New Report Reveals True Cost Of Violence Against Children In Nigeria
An unprecedented report, launched jointly by UNICEF , Ministry of Budget and National Planning and the Ministry of Women Affairs and Social Development revealed the high economic cost of violence against children in Nigeria.
According to the report, the economic impact of the violence against children in Nigeria is estimated to be about USD$6.1 billion, which is equivalent to about 1.07 percent of the country’s GDP.
Permanent Secretary ,Federal Ministry of Women Affairs and Social Development. Mrs. Ifeoma Anagbogu,said there was need to eliminate any form of violence against children from a moral perspective and an economic perspective.
She noted that the financial loss from the cumulative loss of earnings due to loss of productivity, stemming from suffering associated with different degrees of violence, over time.
On his part Permanent Secretary of the Ministry of Budget and National Planning ,Mr Olajide Odewale said the study point to the strong need for increased funding of interventions by government to reduce violence against children in Nigeria.
It was noted that the study may actually underestimate the economic burden of violence against children, as several serious consequences of such violence were not included, due to a current lack of data.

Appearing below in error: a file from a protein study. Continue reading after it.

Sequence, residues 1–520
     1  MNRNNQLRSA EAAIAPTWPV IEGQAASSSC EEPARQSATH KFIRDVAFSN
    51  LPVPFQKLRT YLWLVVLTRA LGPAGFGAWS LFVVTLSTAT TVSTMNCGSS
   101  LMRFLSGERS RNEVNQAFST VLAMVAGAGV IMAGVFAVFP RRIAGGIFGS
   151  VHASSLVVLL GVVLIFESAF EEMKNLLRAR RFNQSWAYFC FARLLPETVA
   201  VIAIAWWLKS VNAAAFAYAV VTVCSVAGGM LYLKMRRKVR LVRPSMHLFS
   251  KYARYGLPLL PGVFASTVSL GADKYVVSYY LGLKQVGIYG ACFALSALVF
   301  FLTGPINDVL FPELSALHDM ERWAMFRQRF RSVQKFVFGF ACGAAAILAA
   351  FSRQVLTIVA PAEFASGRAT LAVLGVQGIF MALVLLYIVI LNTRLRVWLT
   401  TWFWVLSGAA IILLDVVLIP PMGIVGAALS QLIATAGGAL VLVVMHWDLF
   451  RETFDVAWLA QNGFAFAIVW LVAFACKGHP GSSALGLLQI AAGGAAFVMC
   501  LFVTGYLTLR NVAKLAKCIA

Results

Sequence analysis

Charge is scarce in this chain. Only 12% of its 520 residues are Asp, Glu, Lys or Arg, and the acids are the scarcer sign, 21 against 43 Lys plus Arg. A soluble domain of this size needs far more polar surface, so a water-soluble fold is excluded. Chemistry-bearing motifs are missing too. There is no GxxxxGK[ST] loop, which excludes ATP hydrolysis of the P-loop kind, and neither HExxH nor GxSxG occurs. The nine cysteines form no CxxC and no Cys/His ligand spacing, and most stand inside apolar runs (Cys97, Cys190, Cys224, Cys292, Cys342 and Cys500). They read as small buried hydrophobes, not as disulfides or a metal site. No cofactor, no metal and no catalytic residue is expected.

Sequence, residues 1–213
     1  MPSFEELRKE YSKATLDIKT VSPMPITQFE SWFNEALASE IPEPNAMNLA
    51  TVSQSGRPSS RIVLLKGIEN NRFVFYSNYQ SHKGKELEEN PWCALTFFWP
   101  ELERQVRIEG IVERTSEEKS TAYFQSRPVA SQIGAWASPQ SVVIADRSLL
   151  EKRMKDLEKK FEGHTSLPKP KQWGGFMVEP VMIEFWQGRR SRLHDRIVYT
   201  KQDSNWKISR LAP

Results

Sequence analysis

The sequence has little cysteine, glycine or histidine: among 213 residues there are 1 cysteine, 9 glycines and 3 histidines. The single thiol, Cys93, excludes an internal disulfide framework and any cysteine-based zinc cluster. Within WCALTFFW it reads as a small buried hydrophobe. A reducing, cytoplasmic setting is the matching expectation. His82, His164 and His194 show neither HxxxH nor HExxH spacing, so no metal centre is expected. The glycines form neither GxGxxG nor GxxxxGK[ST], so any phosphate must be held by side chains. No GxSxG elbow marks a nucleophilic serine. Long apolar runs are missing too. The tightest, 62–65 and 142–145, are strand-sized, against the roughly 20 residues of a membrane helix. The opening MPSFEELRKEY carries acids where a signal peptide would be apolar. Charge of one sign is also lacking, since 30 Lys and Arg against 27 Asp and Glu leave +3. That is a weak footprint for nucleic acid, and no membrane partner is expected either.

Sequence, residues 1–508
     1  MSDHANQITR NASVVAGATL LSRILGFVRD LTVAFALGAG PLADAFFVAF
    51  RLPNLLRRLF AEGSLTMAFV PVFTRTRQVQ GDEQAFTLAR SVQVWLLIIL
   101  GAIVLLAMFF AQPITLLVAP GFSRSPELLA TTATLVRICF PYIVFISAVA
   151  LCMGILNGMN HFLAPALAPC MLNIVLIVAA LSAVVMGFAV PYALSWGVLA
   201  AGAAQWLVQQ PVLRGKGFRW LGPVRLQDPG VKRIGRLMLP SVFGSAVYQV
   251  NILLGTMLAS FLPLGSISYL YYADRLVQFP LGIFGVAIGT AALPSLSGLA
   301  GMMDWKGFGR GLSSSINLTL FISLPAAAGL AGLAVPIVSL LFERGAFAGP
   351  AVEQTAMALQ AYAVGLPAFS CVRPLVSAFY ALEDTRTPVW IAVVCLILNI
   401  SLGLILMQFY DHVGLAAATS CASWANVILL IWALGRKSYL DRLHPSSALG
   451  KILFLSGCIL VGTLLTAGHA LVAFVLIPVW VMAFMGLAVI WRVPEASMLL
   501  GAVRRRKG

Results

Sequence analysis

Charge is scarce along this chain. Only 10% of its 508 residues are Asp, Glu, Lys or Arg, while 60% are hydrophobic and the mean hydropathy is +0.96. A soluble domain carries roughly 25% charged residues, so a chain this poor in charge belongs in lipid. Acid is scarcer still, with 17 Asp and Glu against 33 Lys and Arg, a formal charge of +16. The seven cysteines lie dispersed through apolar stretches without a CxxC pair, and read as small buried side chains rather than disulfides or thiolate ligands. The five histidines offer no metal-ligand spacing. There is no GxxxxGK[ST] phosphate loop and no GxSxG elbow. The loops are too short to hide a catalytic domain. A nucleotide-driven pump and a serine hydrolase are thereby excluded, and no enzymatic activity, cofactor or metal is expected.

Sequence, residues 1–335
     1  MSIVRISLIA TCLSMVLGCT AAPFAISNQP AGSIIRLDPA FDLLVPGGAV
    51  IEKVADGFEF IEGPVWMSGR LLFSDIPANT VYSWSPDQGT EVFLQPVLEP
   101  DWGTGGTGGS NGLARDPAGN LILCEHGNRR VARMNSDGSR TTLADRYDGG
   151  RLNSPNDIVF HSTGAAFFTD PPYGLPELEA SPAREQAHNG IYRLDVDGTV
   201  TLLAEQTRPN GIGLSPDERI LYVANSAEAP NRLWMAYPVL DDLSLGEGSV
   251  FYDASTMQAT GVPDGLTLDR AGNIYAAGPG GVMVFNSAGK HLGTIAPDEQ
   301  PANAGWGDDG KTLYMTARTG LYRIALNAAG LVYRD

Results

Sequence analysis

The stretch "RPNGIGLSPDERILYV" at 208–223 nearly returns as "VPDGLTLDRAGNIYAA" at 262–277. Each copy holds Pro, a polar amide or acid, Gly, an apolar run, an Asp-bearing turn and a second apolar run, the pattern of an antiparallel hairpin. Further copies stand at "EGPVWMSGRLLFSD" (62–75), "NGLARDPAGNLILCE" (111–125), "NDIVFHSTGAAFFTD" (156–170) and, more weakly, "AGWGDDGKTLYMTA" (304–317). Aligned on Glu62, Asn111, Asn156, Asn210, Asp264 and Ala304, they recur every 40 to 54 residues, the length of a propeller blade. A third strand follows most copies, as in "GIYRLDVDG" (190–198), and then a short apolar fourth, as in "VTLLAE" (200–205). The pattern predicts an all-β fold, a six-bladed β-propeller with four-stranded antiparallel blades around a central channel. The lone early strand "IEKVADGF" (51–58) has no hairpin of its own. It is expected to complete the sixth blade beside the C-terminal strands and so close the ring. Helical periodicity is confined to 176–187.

The report revealed that about half of the Nigerian children surveyed experienced physical violence by parents, adult relatives, direct or indirect caregivers or community members, before they reached 18.
The evidence presented in the report indicates an urgent need to provide child protection services in Nigeria and prioritize the elimination of violence against children, which can ensure the country’s human capital has the mental, physical, and emotional stability needed to boost its social and economic development.
UNICEF’s Country Representative in Nigeria, Mohamed Malick Fall, said this year marks the 30th anniversary of the Convention of the Rights of the Child, which give an opportunity to join in the collective efforts to protect children from violence, abuse and neglect.
Mohammed Fall therefore called for a re-commitment to increase investment in child protection services.
The research on violence against children was led by the Government of Nigeria, in collaboration with UNICEF, and with funding from the US President’s Emergency Plan for AIDS Relief (PEPFAR), through USAID, the EU and the Ministry of Foreign Affairs and International Cooperation.